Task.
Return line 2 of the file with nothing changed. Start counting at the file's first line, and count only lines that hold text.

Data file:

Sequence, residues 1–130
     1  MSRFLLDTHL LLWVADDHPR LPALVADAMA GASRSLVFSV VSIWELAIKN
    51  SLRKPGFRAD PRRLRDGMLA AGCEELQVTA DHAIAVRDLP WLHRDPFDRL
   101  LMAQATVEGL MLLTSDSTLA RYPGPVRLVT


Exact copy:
     1  MSRFLLDTHL LLWVADDHPR LPALVADAMA GASRSLVFSV VSIWELAIKN